Starry Transit: An Installation by Martha Glowacki
August 27, 2005 – November 6, 2005
Starry Transit, an exhibition organized by the Madison Museum of Contemporary Art (MMoCA) in partnership with the UW-Madison Department of Astronomy, will feature an installation of new, site-specific sculptural works by Wisconsin artist Martha Glowacki. The installation, which is being created specifically for the 1,200-square-foot dome of the University of Wisconsin’s historic Washburn Observatory, explores the ability of night-flying birds to navigate by the stars.
About Martha Glowacki
Starry Transit is a new work by Martha Glowacki, whose original vision and meticulous craftsmanship distinguish her oeuvre. Glowacki’s UW-Madison training as a metalsmith can be discerned in her finely rendered sculptures, which are characterized by careful composition and intricate detail.
Glowacki addresses themes that bridge the worlds of art and science, examining essential questions of human existence such as the mysteries of life and death, the consequences of human attempts to manipulate nature, and the desire to understand the forces of the universe. Glowacki is particularly interested in natural science and the history of science, and frequently combines found and constructed objects with natural specimens as primary elements in her work. This is particularly evident in her recent sculptures, which can best be described as contemporary versions of 19th century “cabinets of curiosities.” In these sophisticated and elaborate pieces, the artist creates and assembles a wide range of objects, artifacts, and imagery that contribute to an ongoing investigation of the relationship between humanity and nature. Starry Transit continues Glowacki’s dialogue on the relationship between man and the natural world as it explores our understanding of nighttime bird migration guided by the stars.
About the Artwork
Drawing heavily on historical scientific objects and manuscripts, the Starry Transit installation will use sculptural elements, texts, and recorded sound to explore the mysteries of night bird migration and the human relationship with the stars. One of the sculptural elements in the exhibition, a contemporary cabinet of curiosity, joins a restored display case from the early years of the twentieth century to a cabinet base designed by Glowacki. The antique case displays preserved birds and constructed models of constellations, and visitors to the exhibition will be invited to open cabinet drawers to view etched images of 1870s celestial atlas maps and bird migration maps of the Mississippi Flyway.
Interactive in nature, the exhibition will include two other sculptural elements that can be manipulated by visitors. The artist’s interpretation of a phenakistiscope, a nineteenth-century optical toy, will allow viewers to simulate the flight of a bird on a starry night. Visitors may also operate Glowacki’s version of a planisphere, an astronomical instrument used for centuries to determine the location of stars in the night sky at different latitudes. In her version of this astronomical tool, Glowacki places northern and southern celestial hemisphere maps side by side in an elaborate gearing mechanism. Viewers can turn the hemisphere discs, showing which stars are visible in the night sky at different times of the year.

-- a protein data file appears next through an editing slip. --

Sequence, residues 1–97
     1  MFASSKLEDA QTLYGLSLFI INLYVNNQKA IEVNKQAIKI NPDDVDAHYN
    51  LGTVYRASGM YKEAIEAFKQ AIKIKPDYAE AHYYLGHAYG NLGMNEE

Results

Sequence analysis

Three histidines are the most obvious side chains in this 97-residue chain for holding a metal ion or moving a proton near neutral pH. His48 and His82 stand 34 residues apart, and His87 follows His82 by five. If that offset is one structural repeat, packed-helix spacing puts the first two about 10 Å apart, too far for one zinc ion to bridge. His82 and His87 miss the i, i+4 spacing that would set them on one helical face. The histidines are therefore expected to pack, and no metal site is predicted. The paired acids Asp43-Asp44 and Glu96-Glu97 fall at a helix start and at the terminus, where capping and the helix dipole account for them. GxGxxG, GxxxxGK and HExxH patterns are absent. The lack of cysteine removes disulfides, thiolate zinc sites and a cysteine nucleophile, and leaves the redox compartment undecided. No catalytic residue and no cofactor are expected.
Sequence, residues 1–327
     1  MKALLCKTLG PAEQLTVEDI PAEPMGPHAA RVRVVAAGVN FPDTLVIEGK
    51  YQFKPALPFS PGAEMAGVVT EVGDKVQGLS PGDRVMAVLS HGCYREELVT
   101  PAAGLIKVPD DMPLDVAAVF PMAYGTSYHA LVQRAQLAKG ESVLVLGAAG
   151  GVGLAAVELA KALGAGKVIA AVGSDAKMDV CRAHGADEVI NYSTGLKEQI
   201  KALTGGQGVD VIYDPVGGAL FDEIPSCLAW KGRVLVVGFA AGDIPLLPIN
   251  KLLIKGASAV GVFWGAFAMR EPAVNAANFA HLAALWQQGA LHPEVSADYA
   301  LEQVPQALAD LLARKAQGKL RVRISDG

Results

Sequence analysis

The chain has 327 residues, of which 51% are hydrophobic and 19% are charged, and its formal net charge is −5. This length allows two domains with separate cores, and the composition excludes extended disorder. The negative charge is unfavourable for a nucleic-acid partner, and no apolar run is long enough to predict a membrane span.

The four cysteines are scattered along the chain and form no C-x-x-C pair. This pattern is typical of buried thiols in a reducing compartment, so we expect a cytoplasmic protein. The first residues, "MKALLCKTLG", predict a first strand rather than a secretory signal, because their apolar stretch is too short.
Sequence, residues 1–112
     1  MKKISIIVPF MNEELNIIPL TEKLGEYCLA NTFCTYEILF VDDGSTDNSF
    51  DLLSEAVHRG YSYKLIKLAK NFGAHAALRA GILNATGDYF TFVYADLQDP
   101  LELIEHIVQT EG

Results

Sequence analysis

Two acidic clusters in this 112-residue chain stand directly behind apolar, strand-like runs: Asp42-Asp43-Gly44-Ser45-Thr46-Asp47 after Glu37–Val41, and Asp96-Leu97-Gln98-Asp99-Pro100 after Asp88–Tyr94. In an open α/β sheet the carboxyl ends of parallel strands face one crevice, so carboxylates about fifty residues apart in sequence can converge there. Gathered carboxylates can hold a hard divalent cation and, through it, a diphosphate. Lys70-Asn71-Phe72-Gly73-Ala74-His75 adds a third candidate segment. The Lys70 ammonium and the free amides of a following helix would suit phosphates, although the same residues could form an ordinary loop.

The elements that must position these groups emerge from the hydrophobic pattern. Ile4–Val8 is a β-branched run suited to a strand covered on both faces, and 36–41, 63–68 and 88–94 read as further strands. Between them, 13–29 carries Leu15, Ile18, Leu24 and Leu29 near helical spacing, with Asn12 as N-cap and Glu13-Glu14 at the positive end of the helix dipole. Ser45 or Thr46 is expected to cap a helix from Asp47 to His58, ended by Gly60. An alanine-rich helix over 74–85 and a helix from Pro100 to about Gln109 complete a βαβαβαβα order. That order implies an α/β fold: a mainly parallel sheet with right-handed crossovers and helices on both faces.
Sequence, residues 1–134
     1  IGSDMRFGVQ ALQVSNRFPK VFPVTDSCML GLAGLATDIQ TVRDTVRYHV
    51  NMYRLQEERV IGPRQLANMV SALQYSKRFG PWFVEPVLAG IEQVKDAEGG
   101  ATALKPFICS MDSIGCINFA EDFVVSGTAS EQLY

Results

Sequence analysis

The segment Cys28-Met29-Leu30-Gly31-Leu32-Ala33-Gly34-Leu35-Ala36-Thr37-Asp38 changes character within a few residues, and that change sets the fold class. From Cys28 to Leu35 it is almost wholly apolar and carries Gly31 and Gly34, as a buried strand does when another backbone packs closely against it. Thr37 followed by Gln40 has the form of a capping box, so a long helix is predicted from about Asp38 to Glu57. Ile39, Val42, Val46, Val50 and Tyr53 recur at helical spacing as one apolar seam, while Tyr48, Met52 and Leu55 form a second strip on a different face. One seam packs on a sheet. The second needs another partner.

The installation will also include a series of two-dimensional elements; an original poem on the topic of night bird migration by Wisconsin poet Mary Mercier; and recordings of birds taking flight and communicating at night as they migrate.
Starry Transit has been expressly designed for installation in the Washburn Observatory on the University of Wisconsin-Madison campus. The observatory was built in 1878 and was a premiere site for the study of astronomy well into the 20th century. The building remains a popular destination, with a working telescope for public stargazing. The exhibition will be presented in 1,200 square feet in the Observatory’s dome.
It is important to note that the narrow doorways and steep and winding stairs of the Washburn Observatory render it inaccessible to some individuals. For those unable to attend the show or gain access because of architectural constraints, an extensive website will provide virtual access to the exhibit. Additionally, many instructional programs involving the exhibit—including the celebration of its opening—will be held in accessible facilities.
Starry Transit has been made possible by the generous support of the Dane County Cultural Affairs Commission, with additional funds from the Endres Manufacturing Company Foundation and the Overture Foundation; The Evjue Foundation Inc., the charitable arm of The Capital Times; Jan Marshall Fox and Don Bednarek; a grant from the Wisconsin Arts Board, with funds from the State of Wisconsin; and the Art League of the Madison Museum of Contemporary Art.